So how can businesses best address these pressures? Encryption is the de facto method for securing data across distributed architectures, but the variety of options can be daunting. Let’s break it down.


Hardware security modules (HSMs) are the traditional enterprise solution for cryptographic workloads. They are physical hardware devices which securely manage encryption keys within a data center environment. Designed and certified to be tamper-evident and intrusion-resistant, they provide the highest level of physical security. Most HSMs are certified to FIPS (Federal Information Processing Standard) 140-2 Security Level 3, although three have attained Level 4 certification as of February 2019. HSM benefits include the fact that they are on-premises and offer a high level of security, but they don’t easily scale and have a high CapEx cost. Use cases may include digital rights management, regulatory compliance, or working with highly sensitive data.

HSMs predate the cloud era and are better suited to traditional IT architectures. So most major cloud providers have introduced Key Management Services (KMS), which is sometimes described as HSM-as-a-service. Functionally similar to the services provided by HSMs, a KMS enables clients to manage encryption keys without concerns about HSM appliance selection or provisioning. The advantages of KMS are similar to the advantages of cloud, such as ease of use, lower cost pay-as-you-go, agility, and scalability. However, many cloud provider KMS offerings typically keep the encryption keys and the data they are protecting in the same shared environment, making them less secure. Some KMS solutions are certified to FIPS (Federal Information Processing Standard) 140-2 Security Level 2, which can work for use cases that don’t require a high level of security or multicloud architecture.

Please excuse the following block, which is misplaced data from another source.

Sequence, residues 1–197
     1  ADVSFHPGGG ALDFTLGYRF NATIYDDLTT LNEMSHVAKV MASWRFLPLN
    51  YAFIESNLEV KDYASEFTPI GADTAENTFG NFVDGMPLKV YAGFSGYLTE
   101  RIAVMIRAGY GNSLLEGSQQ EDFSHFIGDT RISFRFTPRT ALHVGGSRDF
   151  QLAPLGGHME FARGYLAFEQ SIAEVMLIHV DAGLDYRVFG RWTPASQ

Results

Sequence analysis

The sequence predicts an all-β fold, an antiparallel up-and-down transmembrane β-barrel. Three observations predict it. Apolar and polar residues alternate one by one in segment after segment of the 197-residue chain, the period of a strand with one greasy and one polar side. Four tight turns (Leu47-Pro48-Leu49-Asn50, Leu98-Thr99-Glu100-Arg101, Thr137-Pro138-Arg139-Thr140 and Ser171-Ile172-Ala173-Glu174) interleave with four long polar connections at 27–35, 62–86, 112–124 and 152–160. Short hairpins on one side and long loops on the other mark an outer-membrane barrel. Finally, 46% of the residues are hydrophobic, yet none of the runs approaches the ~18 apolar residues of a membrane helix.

Cloud neutrality